Bookforum talks with Kimberly King Parsons

Kimberly King Parsons. Photo: Heather Hawksford

The Texan girls and women who populate Black Light, Kimberly King Parsons’s debut story collection, are messy and loud and unapologetic. They fall hard and fast. Parsons gives her characters ample space to make mistakes, and they do—repeatedly—but we love them no less for it. Case in point: in “Glow Hunter,” when the impossibly magnetic Bo gets shards of glass embedded in her hand while doing parking-lot cartwheels, she pours Mountain Dew on the gash, watches it fizz, and goes about her day (which involves hunting for magic mushrooms in roadside cowpats). Such is an ordinary sequence of events for a character fashioned by Parsons’s singular mind.

Parsons writes with bleak humor and offbeat wisdom about thwarted desire: aching friendships, doomed love affairs, marriages gone stale. I first encountered her work while reading submissions for the literary journal No Tokens back in 2016. It was her voice—fierce, gritty, twangy, and dark—that initially pulled me in; her use of language both unexpected and apt that kept me reading at an almost frightening pace. But what I couldn’t shake, even days later, was the depth of Parsons’s understanding of the human heart. For Bookforum, we recently discussed her “promiscuous” writing process, the joy she finds in being wrong, what she learned from Gordon Lish, and how growing up in Texas has shaped her work.

I read somewhere that you began Black Light unintentionally—you were writing a novel at the time and began “cheating” on it with the stories that would make up this collection. Did having more than one project going at once change the way you worked?

It’s critical for me to have at least two projects going on at once so I can flip between them when I get bored or need a break. Inevitably, the one that I’m not supposed to be working on will be more appealing to me. For years, I wrote a novel that didn’t move me because I’d had a tiny bit of interest from an editor. It actually turned out to be a good thing because it was this big, dumb project I could run around on. It was there being boring in the background and it made sneaking away with short stories or other novel ideas very exciting. I know some people follow one thing through at a time, but I definitely think promiscuity is an important part of my process. My different projects “talk” to each other and inform my perspective.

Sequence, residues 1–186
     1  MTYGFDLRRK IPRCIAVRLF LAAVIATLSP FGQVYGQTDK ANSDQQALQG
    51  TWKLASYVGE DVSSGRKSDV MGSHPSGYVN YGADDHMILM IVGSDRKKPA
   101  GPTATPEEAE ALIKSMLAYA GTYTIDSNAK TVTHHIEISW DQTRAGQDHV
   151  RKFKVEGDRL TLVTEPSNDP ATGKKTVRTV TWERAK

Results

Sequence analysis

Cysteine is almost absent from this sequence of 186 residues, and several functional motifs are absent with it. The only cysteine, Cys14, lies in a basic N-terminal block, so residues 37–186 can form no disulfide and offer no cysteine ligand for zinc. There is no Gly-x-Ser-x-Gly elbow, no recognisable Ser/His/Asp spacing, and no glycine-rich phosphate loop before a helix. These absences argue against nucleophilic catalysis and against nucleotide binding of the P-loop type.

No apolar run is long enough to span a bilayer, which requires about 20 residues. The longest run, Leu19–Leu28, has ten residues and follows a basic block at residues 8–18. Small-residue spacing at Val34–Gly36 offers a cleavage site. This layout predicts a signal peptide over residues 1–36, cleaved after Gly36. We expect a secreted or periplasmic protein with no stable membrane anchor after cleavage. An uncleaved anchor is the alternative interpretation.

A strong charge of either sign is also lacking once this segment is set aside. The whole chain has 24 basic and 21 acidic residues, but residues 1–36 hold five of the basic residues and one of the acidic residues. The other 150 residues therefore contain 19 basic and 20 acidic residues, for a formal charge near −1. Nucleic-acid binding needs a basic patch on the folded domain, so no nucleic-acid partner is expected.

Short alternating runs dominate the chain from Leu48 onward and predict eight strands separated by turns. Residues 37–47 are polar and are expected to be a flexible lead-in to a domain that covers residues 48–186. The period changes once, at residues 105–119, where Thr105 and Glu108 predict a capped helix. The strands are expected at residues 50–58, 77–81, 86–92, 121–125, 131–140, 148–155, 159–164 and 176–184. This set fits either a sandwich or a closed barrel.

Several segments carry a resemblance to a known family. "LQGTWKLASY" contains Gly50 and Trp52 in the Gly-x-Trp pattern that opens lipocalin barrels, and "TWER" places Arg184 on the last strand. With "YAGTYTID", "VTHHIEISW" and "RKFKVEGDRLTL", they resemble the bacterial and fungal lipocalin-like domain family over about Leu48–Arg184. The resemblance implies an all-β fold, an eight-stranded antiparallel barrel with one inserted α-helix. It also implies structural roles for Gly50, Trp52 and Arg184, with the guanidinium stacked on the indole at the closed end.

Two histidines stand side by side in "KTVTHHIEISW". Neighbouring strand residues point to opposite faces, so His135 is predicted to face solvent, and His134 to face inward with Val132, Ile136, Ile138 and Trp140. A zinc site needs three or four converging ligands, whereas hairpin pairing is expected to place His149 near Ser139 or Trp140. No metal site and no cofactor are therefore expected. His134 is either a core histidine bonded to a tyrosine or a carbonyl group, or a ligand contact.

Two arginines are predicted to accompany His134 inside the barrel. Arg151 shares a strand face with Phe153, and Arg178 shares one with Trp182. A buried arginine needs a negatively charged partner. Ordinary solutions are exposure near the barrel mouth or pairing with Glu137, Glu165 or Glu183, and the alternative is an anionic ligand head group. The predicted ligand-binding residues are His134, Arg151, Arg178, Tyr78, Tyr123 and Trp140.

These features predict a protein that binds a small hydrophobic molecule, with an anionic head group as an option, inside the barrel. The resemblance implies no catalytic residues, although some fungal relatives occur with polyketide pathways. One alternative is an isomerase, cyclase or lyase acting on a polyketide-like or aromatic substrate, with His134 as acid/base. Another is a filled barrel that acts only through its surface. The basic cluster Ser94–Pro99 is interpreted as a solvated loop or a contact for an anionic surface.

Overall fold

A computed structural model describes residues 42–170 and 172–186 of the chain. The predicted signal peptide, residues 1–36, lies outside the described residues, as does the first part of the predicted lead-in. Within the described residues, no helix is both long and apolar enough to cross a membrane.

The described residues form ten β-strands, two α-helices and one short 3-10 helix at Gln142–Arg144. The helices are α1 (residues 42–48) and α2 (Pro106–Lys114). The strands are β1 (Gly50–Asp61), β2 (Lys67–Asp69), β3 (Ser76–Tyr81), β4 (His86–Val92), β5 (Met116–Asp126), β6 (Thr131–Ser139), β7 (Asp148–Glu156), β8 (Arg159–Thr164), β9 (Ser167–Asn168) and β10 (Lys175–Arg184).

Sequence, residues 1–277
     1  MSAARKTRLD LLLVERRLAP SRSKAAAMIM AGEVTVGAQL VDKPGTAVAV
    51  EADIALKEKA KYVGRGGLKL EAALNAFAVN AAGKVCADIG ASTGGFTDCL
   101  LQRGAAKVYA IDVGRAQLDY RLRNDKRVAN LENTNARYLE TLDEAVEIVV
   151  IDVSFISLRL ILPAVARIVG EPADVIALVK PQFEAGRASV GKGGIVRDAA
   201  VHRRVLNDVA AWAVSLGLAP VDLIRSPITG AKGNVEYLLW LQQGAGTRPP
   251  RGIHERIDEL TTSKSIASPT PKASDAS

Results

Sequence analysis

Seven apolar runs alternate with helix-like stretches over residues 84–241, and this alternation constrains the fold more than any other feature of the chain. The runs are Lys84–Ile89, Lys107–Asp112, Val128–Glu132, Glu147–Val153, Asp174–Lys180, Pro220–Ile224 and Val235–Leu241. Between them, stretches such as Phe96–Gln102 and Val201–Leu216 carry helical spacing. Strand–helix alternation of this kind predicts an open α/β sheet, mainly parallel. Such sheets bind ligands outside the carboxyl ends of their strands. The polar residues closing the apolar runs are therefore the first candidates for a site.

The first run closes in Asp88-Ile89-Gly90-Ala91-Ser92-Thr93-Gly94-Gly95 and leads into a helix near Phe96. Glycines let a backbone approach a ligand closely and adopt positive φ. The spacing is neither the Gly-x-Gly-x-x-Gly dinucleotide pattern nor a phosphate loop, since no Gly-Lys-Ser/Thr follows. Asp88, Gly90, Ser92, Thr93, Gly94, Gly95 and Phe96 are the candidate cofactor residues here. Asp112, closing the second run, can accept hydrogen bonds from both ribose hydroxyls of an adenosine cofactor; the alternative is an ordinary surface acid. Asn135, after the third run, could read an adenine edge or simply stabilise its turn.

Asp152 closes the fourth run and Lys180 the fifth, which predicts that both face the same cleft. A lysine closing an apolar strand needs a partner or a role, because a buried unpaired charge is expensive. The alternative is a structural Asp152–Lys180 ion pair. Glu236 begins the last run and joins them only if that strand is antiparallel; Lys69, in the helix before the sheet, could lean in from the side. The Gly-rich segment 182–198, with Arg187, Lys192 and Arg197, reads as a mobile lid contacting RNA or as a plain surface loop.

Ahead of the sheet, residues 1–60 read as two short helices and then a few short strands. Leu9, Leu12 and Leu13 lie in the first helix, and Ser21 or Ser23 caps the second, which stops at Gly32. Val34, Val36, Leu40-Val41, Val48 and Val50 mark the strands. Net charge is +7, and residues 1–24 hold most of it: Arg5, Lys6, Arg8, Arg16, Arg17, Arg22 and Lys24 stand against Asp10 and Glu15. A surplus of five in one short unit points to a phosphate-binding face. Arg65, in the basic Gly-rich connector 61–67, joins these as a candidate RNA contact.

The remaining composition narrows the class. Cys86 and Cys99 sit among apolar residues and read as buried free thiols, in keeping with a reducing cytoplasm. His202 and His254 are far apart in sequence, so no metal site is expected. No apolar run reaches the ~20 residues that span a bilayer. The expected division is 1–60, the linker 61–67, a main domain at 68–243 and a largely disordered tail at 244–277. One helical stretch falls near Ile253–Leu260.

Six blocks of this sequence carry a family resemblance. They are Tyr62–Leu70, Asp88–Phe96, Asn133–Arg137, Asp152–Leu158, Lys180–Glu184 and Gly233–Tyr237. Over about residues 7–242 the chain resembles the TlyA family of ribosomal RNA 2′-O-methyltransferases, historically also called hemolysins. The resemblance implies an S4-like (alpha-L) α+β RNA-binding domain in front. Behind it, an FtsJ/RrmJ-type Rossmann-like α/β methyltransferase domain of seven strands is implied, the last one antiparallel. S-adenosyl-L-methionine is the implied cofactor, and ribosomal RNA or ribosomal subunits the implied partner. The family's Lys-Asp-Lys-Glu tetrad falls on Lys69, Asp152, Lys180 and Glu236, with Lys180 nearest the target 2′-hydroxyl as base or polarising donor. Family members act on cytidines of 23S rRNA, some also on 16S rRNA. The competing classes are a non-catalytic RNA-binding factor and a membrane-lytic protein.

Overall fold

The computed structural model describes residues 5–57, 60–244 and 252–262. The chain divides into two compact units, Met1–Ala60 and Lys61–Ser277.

Is there a difference for you, process-wise, between stories and novels?

For me, stories come sentence by sentence and I’m constantly surprised, baffled, confused. I don’t go in with an idea about what might happen. With a novel there might be a kind of shape there in advance—I know basic movements, or I think I do. I’ve established a cast of characters maybe, or I know some event will sit at the center. There are many times my rough plans turn out to be totally wrong. I love that though—being wrong, being surprised.

Desire (and especially forbidden desire) is something all of the characters in Black Light grapple with, whether they’re giving in to it or repressing it. How do you see desire functioning in this collection?

Desire is the engine of every story I write, not just the ones in this collection. There has to be some reason this person is telling their story. Why now? Because the want is eating them up—they can’t go on like this. Sometimes it’s chaste and sometimes it’s filthy, and I look for this in every book I read, too. Carole Maso’s Aureole, Andrea Lawlor’s Paul Takes the Form of a Mortal Girl, Heather Lewis’s Notice, Maggie Nelson’s Bluets—these are all white-hot with want. Aureole is actually subtitled “An erotic sequence,” and I think many of those books fit that description. But I’m also drawn to the needs of children, their desire to fit into a family or make sense of the world, books like Justin Torres’s We the Animals or Dawn Raffel’s In the Year of Long Division.

I love the way your stories often end in motion, or “on the inhale,” resisting the urge to tie things up with a neat bow. It gives me the sense that your characters will keep on moving and interacting, whether they’re under observation or not. What compels you to end pieces on an upward motion, and what do you look for in an ending?

Amy Hempel says the ending of a short story should punch you in the heart, and, Lord, she knows just how to do that. But punching somebody in the heart isn’t about big sweeping gestures or sentimentality. Sentimentality is the anti-heart, a heart substitute, and nothing terrifies me more than tipping into it. I try to avoid it by keeping revelations as small, quiet, and specific to a character as possible. Another way is to leave a scene early, sometimes even before you’re ready to. If you resist the urge to tell a reader what happens in the end, or how to feel, you make space for their feelings. Whatever they bring to the page will always be superior to something you’ve handed them.